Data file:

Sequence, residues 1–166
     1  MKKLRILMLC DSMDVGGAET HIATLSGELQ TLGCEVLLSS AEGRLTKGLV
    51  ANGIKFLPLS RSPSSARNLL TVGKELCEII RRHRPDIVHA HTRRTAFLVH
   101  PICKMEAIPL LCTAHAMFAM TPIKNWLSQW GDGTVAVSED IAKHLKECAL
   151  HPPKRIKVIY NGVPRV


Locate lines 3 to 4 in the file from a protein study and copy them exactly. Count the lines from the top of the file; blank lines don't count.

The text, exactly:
    51  ANGIKFLPLS RSPSSARNLL TVGKELCEII RRHRPDIVHA HTRRTAFLVH
   101  PICKMEAIPL LCTAHAMFAM TPIKNWLSQW GDGTVAVSED IAKHLKECAL